1958 May[8] 2000[8] Bilbao Assembled from decommissioned Bilbao material: FS №4 was a motorcar built from U-52’s box and a Brill 21-E truck from a “Burceña” car. Back in service in Bilbao after restoration.[8][9] FS №7 was a trailer built from U-55’s box; restored to its original condition in 2003, it is in the Azpeitia museum.[2][10]
Trams de Porto-Soller (Espagne) (4983804070).jpg
20-25
5
1937 Carris
Brill; Maley & Taunton
1997-2001[11][12] (in service) Lisbon Motor cars built by Carris on Maley & Taunton trucks; box design based on Lisbon’s classic 1901 Brill fleet. Rebuilt in 1997-1998 and adapted to 914 mm (3 ft) gauge from their original 900 mm (2 ft 11 716 in).[1][2][13]
0043-Straßenbahn Sóller.JPG
1-6
6
2001-2002 Ferrocarriles de Sóller 2001-2002 (in service) (acquired new) Open trailer cars, built by the tramway itself;[2] removable windows and sides can added for the colder season.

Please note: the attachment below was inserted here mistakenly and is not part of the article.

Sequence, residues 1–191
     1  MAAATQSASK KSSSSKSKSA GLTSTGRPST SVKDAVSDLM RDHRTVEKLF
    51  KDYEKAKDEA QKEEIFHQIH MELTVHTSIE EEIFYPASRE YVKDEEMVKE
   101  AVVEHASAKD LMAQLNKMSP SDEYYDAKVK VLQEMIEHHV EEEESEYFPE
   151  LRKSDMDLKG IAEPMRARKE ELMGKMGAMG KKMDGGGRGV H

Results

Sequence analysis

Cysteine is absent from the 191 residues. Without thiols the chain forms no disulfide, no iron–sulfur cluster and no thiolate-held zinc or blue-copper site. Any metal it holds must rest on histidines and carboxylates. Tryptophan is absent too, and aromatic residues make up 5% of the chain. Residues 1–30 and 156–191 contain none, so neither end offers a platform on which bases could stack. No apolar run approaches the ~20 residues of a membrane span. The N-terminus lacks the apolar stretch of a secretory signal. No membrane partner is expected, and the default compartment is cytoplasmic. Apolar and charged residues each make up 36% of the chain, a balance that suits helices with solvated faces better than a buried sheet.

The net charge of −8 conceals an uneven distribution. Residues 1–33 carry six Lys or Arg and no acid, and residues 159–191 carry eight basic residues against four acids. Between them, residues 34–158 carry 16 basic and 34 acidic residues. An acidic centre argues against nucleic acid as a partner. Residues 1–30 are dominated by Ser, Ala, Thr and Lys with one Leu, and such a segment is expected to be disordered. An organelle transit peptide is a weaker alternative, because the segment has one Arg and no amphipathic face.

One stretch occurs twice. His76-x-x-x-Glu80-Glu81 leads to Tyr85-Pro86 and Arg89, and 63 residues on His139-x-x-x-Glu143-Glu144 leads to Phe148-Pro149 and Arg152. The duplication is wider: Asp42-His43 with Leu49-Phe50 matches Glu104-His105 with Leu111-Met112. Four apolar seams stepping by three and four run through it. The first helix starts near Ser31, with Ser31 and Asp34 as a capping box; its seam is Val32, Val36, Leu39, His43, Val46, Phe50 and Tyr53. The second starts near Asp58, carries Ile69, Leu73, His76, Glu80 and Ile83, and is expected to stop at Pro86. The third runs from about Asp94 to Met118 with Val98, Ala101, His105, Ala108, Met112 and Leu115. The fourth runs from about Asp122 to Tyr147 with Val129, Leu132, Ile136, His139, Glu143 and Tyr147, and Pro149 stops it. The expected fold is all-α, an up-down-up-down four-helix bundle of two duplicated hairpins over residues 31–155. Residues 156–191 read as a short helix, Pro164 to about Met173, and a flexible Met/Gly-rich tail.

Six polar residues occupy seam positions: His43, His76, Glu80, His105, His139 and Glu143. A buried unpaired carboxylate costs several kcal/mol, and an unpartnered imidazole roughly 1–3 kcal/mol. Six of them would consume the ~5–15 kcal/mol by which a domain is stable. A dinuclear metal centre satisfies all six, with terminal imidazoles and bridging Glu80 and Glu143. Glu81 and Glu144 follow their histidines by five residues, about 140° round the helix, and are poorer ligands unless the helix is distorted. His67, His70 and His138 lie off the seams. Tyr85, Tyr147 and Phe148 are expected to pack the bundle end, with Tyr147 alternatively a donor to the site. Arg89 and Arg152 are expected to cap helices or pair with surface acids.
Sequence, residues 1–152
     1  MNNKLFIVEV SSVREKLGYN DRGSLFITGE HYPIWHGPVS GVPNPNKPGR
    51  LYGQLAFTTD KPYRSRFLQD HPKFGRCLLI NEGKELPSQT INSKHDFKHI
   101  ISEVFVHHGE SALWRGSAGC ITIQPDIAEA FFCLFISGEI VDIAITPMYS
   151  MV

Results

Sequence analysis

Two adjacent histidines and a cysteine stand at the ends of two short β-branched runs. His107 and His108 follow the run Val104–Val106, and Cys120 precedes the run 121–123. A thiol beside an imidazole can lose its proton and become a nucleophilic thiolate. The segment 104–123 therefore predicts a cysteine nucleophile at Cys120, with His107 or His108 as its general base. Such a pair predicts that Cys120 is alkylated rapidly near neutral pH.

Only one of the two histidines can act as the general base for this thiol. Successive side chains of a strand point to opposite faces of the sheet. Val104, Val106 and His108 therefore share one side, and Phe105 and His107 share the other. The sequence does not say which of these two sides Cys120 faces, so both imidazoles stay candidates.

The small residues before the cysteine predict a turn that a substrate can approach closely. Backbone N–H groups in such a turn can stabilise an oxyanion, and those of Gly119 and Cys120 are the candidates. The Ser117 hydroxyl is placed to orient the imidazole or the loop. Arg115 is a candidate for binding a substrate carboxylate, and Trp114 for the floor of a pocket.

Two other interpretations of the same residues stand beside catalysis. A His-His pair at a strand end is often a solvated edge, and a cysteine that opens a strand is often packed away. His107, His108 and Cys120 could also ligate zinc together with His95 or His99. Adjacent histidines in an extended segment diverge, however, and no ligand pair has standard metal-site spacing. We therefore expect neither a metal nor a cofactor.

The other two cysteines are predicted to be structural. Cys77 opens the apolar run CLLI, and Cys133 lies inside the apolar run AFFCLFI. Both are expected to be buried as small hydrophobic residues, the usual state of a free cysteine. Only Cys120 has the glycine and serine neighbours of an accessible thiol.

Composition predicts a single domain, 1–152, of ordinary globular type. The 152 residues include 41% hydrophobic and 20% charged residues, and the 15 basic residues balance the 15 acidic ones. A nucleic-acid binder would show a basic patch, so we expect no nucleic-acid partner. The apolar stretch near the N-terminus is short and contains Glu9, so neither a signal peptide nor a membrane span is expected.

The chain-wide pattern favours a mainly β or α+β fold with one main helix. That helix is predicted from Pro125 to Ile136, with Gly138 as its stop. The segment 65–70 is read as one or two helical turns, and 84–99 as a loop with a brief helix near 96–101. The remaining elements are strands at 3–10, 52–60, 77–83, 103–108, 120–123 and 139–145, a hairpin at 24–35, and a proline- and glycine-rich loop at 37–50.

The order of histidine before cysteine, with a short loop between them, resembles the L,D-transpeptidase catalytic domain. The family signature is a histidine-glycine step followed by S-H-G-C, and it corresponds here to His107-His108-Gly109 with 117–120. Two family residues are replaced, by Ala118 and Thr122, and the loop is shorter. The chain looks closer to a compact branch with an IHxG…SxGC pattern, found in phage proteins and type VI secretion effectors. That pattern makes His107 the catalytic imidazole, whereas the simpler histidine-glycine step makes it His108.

Gallery[edit]

See also[edit]

The tram depot of Sóller

References[edit]

  1. ^ a b c d e f g h i j k Tranvía de Sóller: itinerary (FS official site)
  2. ^ a b c d e f g Bent, Mike (January 2014). "Sóller tramway centenary". Today's Railways (Platform 5 Publishing Ltd). p. 71. 
  3. ^ (Spanish) History of Sóller Rail and Tramway (FS official site)
  4. ^ (Spanish) Arrom Munar, Joana Maria; Picornell Cladera, Mateu (2008): Estudio de la evolución en el número de pasajeros del tren de Sóller y del tranvía hasta el port de Sóller (1912-2004) (Google Books). University of Castile-La Mancha, pp. 139-141. ISBN 978-84-8427-626-5.
  5. ^ This refers to a town with a population of less than 20,000 inhabitants
  6. ^ Tranvía de Sóller: timetable and prices (FS official site)
  7. ^ Sóller Tramway and FS station map
  8. ^ a b c d e Juanjo Elaizola Elordi: Bilboko Tranbiak / Los Tramvías de Bilbao (pp. 168-171). EuskoTren: Bilbao, 2002. ISBN 84-920629-8-3
  9. ^ (Spanish) Óscar Dalmau (1998): El tren de Sóller: viaje al valle de oro, page 52. Reserva Anticipada, 1998. ISBN 8492262133
  10. ^ https://secure.flickr.com/photos/trams-lisbonne/5475412913/
  11. ^ Chema Martínez “Noticias Maquetren” Maquetren 40 (1995): 77 (in Spanish)
  12. ^ anonymous: “Noticias” Carril 57 (Dec.2001): p.62. Publ. Associació d’Amics del Ferrocarril-Barcelona, Barcelona (in Catalan) ISSN 1136-2499
  13. ^ El tranvía : Recorrido y estaciones

External links[edit]